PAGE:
This article was produced in partnership with Brown University’s TRI-Lab.
In the morning, Natalie, a student at Brown University, reads a news article about the link between immigration policies and health outcomes. She then takes the shuttle to the local hospital where she volunteers as a Health Leads advocate helping connect patients with community services and resources. After a mid-day class, Natalie reads an academic paper about language acquisition in the Journal of Pediatrics. She ends her day discussing early childhood development in Rhode Island with her team for TRI-Lab, a new collaborative research program at Brown.(a)
Natalie’s classes, reading, research, work and volunteer activities are integrated around her passion for understanding and addressing health inequalities. Her day offers a glimpse into an educational approach known as engaged scholarship. Extracurricular activities, real-world problem solving, and personal passions and interests play a central role in Natalie’s engaged education, serving as a valuable complement to the academic coursework that has traditionally been the focus of university learning.(b)
By integrating activities in and out of the classroom into a comprehensive learning experience, engaged scholarship enhances learning and better prepares students to pursue their passions and career goals after graduation. At Brown University, we recently launched an Engaged Scholars Program to explore opportunities to integrate engaged learning into the curriculum. We’re building on existing initiatives and experimenting with new ways to provide students an innovative, integrated educational experience. Here are some of the lessons we’ve learned so far.
Opportunities Beyond the Classroom Walls
Internships, entrepreneurship, volunteer opportunities, community-based research, and other extracurricular activities provide students with exposure to the world beyond campus. They can explore how to turn ideas into action, test new approaches (and sometimes fail), and learn from the complexities and complications that arise when the context shifts from a textbook or lecture to the broader community.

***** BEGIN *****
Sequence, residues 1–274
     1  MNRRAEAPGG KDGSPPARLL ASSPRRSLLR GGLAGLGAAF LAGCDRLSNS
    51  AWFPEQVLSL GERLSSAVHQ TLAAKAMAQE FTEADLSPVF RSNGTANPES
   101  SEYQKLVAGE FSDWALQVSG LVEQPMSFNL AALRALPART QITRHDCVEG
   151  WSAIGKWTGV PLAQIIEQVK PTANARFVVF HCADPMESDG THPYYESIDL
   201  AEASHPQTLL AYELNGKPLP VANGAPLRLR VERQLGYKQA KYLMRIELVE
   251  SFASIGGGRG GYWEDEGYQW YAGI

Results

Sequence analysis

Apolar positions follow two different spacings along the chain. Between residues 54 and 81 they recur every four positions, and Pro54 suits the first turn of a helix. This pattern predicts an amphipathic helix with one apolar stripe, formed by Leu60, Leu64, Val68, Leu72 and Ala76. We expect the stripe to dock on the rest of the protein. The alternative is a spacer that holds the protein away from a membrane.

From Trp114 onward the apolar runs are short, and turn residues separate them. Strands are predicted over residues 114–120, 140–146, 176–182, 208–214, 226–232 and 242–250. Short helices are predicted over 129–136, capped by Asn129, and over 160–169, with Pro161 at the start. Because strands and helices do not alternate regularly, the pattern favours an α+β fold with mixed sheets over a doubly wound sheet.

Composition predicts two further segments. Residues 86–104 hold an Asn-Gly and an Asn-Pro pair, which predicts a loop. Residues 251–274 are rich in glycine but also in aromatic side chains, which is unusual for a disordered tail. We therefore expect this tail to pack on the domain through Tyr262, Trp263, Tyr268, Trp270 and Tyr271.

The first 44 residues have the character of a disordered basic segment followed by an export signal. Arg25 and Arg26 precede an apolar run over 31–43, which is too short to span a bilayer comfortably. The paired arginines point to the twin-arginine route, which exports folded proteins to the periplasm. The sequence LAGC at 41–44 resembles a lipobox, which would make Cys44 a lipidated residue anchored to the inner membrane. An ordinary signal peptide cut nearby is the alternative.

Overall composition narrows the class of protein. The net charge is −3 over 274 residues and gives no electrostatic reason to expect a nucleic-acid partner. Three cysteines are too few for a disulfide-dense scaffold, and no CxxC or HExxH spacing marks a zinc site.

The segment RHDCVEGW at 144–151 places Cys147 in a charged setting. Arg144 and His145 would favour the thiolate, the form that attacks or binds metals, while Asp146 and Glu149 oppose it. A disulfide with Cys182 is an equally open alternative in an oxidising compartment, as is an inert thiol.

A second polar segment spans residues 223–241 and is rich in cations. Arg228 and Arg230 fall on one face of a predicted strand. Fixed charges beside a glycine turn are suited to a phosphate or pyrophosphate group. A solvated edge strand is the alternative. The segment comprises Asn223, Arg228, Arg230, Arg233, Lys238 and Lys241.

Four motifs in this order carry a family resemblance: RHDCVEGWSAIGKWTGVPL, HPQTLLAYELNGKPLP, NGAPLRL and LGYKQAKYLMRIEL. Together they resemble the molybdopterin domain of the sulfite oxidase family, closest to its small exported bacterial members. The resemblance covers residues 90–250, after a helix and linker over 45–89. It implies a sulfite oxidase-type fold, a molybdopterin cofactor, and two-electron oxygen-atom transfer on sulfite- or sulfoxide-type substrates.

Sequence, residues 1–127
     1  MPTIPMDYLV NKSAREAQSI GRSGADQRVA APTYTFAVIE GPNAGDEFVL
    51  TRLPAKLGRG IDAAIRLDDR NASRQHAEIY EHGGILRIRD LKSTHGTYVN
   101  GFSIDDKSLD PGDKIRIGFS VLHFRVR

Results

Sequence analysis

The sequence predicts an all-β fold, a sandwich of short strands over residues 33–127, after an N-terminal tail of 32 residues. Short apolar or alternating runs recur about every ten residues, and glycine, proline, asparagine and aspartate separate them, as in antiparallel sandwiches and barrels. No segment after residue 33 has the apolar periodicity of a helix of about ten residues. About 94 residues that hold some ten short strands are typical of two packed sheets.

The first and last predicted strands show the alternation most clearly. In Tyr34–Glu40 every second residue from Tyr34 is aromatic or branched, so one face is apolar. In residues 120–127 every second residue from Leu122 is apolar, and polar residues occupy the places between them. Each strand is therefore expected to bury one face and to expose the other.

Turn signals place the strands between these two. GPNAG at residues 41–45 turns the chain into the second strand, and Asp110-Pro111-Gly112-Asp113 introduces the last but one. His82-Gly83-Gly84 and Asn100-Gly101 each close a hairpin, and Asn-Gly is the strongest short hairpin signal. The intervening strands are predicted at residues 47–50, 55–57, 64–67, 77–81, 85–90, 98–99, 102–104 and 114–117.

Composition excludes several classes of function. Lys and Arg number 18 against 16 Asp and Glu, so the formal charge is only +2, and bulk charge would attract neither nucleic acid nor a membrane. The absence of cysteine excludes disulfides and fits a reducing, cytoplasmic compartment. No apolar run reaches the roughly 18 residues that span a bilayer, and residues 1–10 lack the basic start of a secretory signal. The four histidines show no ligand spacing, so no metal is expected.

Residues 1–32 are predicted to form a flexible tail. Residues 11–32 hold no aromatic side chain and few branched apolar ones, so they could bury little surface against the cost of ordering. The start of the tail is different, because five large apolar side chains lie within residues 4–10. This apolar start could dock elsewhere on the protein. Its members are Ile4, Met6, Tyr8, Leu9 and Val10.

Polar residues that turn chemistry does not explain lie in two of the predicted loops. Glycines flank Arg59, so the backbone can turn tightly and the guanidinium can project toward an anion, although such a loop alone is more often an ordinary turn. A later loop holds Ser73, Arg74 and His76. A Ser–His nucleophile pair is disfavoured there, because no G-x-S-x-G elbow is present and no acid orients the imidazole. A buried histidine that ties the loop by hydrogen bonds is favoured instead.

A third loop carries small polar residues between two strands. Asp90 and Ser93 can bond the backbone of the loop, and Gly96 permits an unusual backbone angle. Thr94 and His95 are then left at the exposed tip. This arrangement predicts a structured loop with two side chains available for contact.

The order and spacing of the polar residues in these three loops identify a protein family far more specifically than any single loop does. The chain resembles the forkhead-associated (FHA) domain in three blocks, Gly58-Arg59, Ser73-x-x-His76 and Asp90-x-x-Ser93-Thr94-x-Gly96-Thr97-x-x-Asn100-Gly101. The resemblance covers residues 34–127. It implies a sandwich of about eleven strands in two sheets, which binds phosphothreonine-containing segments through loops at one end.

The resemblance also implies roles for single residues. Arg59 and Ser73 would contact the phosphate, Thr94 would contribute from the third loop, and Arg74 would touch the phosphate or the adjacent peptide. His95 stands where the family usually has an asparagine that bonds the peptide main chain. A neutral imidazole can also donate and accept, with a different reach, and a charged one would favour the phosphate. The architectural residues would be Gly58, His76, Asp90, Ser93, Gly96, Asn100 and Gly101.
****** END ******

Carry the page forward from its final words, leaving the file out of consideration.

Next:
Community involvement engages and motivates students in exciting ways. Research shows that academic programs that incorporate civic engagement result in increased college retention and completion rates and higher student grade-point averages.2 Extracurricular learning also provides students with the knowledge, skills, and networks to launch their post-graduate careers. In a recent poll, 79% of employers said colleges should place more emphasis on applying knowledge in real-world settings.3
How can universities integrate extracurricular involvement into student education? Consider the summer internship, which has become rite of passage for many students.(c) Universities can enhance the learning potential of internships by connecting students with mentors and peers doing related work. Brown recently launched a summer program called iProv that places a small group of students in local government and non-profit organizations and gathers these students in a “learning community.” They live together in dorms, participate in weekly training sessions, and engage in informal and facilitated group reflections about their experiences.(d)
Entrepreneurship can also produce profound learning outcomes when it is designed with educational goals in mind. To foster entrepreneurship as a learning process, I launched Brown’s Social Innovation Fellowship, which gives students the funding, training, and networks to develop social ventures. In a recent internal review of the program, interviews with student fellows were evaluated using the VALUE learning assessment criteria developed by the American Association of Colleges and Universities. The review showed evidence that the program has been effective in developing students’ critical thinking, creativity, and communication skills.